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Neither of those two cars have transversely mounted engines. Unless you're not talking about the Ferraris.



Some notes:
- Hoping the longitudinally mounted engine will fit in a car that has it's engine mounted transversely. Not just length of the engine, but the width (firewall to rear bumper)
- Hoping a there's a transaxle that can support the power/torque of the V6
- Hoping that transaxle, when bolted to the engine, will fit between the rear chassis rails, without requiring major chassis redesign
- Having to drill into the carbon tub to feed shifter cables thru, unless you find a DSG transaxle (think, VW GTI) that can support that, which you'll then have to figure out how to get the GCU to talk to the engine.
- Wondering what to do with the flappy paddles now that they don't work if you have a manual transmission
- Wondering how to fit a clutch pedal in a car that was never offered a clutch pedal
- Wondering how to fit a clutch master cylinder in a car that was never offered a clutch pedal
- If the chassis does need to be cut/redesigned, hoping you find someone smart enough to do it.
- Building the transaxle to engine adapter, then finding the correct clutch and pressure plate to mate to the flywheel (may require a custom flywheel).
- Finding the room to house intercoolers in the 4c for the V6.
- Hoping the additional heat in the engine bay can be overcome with the mid-engine design, since mid-engine cars are notorious for running hotter than their front engined counterparts.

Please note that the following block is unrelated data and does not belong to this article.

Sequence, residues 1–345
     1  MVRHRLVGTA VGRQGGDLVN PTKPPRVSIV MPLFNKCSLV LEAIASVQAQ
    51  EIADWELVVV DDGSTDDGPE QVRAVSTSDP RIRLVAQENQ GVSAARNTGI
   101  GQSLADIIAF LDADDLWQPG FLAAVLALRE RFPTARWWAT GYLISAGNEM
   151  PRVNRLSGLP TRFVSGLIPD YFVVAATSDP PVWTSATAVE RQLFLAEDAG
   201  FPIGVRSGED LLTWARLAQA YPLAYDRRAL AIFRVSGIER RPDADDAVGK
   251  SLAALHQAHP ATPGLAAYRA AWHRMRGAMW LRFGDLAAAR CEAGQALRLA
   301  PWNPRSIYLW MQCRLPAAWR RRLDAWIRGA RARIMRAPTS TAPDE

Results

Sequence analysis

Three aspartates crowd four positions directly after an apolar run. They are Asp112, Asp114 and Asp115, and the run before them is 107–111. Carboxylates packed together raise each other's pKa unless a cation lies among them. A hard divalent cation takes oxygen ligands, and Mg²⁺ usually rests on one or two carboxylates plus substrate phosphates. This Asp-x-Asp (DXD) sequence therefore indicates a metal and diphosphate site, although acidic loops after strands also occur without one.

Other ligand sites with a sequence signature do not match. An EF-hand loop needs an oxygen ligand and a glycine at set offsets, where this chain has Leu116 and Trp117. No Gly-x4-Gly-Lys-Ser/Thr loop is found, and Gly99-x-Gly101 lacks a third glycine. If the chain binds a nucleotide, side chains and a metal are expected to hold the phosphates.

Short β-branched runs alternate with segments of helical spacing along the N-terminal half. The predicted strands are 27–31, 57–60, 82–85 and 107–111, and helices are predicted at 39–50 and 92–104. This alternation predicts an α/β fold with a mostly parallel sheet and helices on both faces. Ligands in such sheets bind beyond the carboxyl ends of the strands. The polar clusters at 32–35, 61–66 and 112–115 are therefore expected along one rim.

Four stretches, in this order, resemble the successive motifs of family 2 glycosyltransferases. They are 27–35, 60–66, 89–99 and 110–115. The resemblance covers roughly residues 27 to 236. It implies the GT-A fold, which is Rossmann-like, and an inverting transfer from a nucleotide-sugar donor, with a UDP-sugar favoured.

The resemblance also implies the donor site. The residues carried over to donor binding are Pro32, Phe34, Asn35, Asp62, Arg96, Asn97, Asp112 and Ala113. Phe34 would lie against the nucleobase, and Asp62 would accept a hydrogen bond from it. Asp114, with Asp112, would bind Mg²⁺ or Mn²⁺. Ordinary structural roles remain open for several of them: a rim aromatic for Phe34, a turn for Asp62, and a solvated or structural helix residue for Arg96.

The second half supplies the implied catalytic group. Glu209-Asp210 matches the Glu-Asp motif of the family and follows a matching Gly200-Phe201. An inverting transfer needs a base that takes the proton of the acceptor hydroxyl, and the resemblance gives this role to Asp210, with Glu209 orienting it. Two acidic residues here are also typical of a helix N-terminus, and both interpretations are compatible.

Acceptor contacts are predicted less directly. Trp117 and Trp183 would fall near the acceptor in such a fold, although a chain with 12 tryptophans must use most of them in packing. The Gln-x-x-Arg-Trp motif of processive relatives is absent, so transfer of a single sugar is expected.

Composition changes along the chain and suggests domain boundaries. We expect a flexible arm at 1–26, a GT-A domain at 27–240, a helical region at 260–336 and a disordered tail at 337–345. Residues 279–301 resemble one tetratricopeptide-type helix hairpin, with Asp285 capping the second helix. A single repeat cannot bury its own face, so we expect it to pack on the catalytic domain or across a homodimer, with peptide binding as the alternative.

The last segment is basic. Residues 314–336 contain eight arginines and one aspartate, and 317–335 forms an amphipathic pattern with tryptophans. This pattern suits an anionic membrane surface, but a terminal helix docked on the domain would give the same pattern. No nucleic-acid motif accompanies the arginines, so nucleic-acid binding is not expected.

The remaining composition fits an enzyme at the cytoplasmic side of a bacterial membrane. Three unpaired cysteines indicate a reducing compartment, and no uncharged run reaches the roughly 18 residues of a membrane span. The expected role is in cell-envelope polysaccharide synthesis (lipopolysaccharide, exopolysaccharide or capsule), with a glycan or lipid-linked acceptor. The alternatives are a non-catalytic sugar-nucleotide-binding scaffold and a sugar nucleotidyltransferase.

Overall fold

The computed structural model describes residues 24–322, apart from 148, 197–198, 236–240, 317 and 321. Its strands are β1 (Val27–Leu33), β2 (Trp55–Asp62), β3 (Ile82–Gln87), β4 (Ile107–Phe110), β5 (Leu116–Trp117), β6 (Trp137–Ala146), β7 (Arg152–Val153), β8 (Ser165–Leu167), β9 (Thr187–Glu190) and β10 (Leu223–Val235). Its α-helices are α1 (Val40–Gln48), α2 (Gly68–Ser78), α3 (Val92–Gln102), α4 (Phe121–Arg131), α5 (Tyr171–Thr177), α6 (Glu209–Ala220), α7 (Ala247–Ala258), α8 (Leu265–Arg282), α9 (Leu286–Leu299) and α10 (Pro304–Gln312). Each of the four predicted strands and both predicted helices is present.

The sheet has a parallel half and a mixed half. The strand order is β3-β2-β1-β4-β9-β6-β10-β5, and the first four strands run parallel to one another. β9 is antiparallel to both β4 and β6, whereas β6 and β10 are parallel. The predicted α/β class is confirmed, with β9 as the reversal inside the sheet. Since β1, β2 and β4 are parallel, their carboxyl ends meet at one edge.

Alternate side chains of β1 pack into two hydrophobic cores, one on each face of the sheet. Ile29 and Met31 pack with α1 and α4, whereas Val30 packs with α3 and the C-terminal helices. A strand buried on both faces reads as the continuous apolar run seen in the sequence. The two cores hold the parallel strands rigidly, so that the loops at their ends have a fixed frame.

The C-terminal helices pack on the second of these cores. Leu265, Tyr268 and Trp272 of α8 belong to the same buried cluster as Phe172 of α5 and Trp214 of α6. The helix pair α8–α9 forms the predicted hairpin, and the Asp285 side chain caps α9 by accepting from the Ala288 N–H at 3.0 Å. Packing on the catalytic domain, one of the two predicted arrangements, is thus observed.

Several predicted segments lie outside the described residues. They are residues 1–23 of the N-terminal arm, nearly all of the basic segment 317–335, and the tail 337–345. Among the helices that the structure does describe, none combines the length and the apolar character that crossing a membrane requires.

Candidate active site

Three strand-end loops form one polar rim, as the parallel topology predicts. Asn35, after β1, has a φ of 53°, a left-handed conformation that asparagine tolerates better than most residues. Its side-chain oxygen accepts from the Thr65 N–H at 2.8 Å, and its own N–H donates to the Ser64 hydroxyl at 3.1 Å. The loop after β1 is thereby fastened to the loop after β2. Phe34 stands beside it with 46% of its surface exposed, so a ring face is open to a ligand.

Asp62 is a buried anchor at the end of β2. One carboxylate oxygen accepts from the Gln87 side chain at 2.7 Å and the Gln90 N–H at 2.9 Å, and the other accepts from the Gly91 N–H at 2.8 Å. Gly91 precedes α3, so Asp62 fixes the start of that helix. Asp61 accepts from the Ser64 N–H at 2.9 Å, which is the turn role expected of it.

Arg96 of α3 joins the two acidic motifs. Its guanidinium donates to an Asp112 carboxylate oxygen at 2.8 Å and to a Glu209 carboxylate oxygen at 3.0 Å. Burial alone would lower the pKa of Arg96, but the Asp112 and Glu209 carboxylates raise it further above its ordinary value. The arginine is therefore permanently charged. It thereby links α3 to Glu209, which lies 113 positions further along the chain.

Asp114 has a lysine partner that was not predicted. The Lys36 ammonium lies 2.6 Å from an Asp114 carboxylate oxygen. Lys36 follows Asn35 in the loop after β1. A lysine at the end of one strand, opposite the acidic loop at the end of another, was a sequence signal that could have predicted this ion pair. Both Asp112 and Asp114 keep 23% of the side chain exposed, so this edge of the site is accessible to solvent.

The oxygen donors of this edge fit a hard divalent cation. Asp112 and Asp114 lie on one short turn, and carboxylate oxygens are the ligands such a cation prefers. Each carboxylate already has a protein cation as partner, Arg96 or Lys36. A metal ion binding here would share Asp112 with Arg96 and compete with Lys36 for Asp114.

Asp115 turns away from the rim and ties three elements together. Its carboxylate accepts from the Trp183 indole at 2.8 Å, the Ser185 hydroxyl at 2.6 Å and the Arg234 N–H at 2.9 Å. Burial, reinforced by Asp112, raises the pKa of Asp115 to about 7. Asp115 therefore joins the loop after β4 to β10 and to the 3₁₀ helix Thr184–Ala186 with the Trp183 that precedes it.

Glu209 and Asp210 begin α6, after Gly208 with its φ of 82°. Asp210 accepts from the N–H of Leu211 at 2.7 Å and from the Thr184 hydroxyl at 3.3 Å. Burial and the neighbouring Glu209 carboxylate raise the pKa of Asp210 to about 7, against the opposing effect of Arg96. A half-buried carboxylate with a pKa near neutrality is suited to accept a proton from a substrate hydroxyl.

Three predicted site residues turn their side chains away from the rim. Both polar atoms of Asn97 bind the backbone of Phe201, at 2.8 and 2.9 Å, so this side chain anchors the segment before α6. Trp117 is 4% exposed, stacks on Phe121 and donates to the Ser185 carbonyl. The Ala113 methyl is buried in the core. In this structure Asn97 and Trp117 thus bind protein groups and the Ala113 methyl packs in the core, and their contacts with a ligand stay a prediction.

- Hoping the weight distribution isn't severely altered where you would have to do a lot of suspension tuning to solve.
- Fuel system would require upgrading
- Wheels would need to be wider. The 4c is ~9.5lbs/hp... it's not pushing crazy amounts of power thru it's 235 rear tires.
- Doing all of this within a reasonable price to support the project.


And that's the short list. Still got to think about emissions, ecu tuning, traction control, stability control, etc, etc.
As "pure" of a driving experience as 4c owners want you to think it is, there's a lot of computer involvement in the whole thing. And getting the computers to co-exist is very difficult/timing consuming/expensive ...

Nothing is impossible, it's all about how much money do you have.
Great post.

Most engine swaps these days are working with much more primative cars.

Think an LS into a Miata. You have one ECU to worry about and everything else is a mechanical connection, and it's STILL hard.

Additional power is not always the right solution for a chassis and often is the wrong one.
 

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Shogun, anyone?
 

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^Yes, love those

Hmm... The 4C engine/transaxle pair is out of a front wheel drive Giulietta. The engine sits above the transaxle, not in front like a P-car. I do not see where/how you can easily place an engine down low in front of a transaxle. I'm thinking the wheel base would need to be stretched and an all new rear clip built. The good news is that everything is bolt-on to the carbon fiber tub.

Another thing to think about would be the weight. I have to assume that the V6 weighs more than the inline 4 does. Currently, the 4C has a 40/60 balance and (US spec) weighs just under 2500 pounds. (I scaled my 4C when I first bought it.) Yes, the extra weight can be dealt with by using different springs, anti-roll bars and/or shocks.

Impossible? No.
Easy? No.
Engine above transaxle? Not from what I’ve seen.
Also, I’m not saying it would be easy, just a saying if it was to be done, that would be the easiest way. Not sure about the weight difference though, and yes it would surely make the car unpredictable to drive, and likely quite a bit dangerous.